Introducing support for the @defer directive

Graeme CouparGraeme CouparJamie BartonJamie Barton
Introducing support for the @defer directive

Grafbase now supports the @defer directive in GraphQL requests!

In GraphQL, the @defer directive facilitates marking certain query parts as non-essential for immediate return, allowing them to be deferred until key data has been processed and dispatched. This enables applications to act on critical data more promptly, considerably accelerating the time-to-interactive for applications.

It's worth noting that @defer isn't officially part of the GraphQL specification just yet, but it's going to happen! We made sure to follow the best practices set out in the DeferStream RFC so our implementation is inline with other providers who adopt the @defer directive.

Utilizing @defer locally with Pathfinder requires no extra steps — it "just works". However, when incorporating @defer within your own application, ensure to include the Accept: multipart/mixed header with your requests. Alternatively, for use with Server-Sent Events, the Content-Type: text/event-stream header should be passed. If requests use @defer but don't send one of these headers, requests will be treated as regular GraphQL requests.

You can learn more about Incremental Delivery and GraphQL over Server-Sent Events RFCs on GitHub.

In the example below we have a GraphQL query that fetches a user, but invokes @defer for the DetailedInfo fragment. Since fetching friends and posts can take longer due to the complex nested database requests, we can defer until it's ready!

query { user(id: "...") { name bio ...DetailedInfo @defer } } fragment DetailedInfo on User { friends { name bio } posts { title content } }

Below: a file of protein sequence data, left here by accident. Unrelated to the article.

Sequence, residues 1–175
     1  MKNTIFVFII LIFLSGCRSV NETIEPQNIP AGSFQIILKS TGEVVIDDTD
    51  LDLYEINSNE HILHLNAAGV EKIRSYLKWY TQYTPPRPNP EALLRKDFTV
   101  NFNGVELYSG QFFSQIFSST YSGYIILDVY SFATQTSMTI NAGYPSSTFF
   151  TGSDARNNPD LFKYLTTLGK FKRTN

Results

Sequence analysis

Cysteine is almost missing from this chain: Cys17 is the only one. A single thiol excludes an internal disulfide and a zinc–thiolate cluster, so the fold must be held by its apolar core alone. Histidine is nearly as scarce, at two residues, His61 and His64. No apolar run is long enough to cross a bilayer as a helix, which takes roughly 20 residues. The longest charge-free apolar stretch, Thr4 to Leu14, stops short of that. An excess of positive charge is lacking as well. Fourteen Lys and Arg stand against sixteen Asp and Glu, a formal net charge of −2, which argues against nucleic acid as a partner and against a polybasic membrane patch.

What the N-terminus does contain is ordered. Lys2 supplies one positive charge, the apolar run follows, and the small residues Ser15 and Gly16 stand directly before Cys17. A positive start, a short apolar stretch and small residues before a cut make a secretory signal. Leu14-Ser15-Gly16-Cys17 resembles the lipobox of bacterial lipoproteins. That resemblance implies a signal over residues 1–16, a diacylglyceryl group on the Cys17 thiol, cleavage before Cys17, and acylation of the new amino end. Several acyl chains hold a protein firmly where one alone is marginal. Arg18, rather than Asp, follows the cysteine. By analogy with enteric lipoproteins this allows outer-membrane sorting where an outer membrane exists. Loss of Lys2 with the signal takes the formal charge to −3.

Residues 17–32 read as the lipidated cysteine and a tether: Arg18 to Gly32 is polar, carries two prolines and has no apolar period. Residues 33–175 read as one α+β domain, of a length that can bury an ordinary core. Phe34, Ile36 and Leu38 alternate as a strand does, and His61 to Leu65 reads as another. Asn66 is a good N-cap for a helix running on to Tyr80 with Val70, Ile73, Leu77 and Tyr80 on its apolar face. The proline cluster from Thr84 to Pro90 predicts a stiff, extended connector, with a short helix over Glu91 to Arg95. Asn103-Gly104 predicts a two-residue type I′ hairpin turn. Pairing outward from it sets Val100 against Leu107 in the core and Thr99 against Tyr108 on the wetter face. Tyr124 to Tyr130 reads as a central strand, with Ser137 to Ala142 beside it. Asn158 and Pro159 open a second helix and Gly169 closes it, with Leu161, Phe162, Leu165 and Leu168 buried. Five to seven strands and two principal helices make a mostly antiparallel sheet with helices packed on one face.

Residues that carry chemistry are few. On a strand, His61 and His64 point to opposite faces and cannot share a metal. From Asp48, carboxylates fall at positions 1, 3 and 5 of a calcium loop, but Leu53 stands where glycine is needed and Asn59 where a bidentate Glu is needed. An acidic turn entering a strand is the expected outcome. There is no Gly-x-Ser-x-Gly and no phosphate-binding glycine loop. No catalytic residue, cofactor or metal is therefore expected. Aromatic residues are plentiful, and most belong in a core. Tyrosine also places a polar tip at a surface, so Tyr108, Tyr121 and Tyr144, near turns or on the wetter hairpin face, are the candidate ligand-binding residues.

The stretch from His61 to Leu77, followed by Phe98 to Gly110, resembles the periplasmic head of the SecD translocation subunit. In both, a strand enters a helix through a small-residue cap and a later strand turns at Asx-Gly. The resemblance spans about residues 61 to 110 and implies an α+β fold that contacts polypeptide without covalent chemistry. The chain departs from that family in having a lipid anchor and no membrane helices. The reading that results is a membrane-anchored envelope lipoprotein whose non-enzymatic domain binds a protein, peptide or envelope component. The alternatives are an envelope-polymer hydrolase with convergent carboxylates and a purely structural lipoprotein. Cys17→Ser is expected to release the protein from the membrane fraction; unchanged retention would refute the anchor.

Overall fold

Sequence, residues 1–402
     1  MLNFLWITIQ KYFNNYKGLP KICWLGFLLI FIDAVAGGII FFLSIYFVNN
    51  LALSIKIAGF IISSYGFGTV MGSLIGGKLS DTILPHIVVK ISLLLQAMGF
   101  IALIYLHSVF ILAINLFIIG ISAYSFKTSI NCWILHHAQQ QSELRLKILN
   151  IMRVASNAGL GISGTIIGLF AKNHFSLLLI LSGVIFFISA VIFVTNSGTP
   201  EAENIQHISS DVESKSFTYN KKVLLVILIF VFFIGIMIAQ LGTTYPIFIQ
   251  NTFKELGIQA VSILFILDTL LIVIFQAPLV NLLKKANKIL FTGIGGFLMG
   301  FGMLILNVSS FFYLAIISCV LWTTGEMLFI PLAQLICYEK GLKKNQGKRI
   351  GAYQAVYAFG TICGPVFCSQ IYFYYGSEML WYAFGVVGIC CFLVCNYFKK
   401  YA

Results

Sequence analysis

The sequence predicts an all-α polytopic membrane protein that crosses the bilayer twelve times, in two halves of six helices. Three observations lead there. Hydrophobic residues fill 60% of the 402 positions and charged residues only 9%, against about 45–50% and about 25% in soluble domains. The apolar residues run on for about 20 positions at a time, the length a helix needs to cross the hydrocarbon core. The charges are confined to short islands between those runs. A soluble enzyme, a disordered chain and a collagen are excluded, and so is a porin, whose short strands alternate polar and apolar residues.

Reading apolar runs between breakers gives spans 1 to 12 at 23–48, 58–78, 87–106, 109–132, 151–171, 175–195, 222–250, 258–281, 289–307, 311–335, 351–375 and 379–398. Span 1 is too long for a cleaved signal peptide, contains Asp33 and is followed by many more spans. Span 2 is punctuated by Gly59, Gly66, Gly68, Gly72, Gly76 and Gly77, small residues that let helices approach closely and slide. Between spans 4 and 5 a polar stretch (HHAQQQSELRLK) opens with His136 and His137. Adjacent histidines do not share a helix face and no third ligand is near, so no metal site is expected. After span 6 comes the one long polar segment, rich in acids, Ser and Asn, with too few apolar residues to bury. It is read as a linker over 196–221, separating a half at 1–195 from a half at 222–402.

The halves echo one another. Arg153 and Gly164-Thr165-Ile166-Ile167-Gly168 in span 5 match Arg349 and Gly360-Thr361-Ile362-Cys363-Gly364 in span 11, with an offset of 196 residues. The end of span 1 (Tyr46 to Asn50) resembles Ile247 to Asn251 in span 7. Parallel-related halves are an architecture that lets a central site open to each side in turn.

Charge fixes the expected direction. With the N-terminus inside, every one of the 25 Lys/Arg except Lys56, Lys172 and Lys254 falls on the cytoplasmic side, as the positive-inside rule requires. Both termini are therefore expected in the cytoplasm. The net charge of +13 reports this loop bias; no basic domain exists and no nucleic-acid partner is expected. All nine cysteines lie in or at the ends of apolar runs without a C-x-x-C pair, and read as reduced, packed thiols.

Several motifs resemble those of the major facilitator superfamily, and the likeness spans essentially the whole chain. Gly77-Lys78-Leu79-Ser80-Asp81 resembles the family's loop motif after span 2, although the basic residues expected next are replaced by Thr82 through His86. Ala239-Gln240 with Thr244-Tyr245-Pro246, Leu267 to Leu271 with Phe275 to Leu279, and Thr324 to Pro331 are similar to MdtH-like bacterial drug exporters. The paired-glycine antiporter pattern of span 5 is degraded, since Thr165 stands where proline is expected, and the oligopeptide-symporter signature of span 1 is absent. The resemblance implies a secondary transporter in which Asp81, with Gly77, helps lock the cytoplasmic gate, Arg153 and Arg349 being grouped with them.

The request will return a response where hasNext is true if the deferred data is still processing:

{ "data": { "user": { "name": "...", "bio": "..." } }, "hasNext": true }

Grafbase will automatically update the event stream with the deferred data when available.

Outside Pathfinder, you will need to manage the merging of results yourself until GraphQL clients natively support @defer.

import { ExecutionResult } from 'graphql-sse' import merge from 'lodash.merge' import update from 'lodash.update' const mergeResults = ( result: ExecutionResult<Record<string, unknown>, unknown>, lastResult?: ExecutionResult<Record<string, unknown>, unknown>, ) => { if (!('path' in result) || lastResult === undefined) { return result } const path = result.path as string[] const combined = update(lastResult, ['data', ...path], value => merge(value,, ) const errors = [...(lastResult?.errors ?? []), ...(result.errors ?? [])] return { ...combined, ...(errors.length > 0 ? { errors } : undefined) } }

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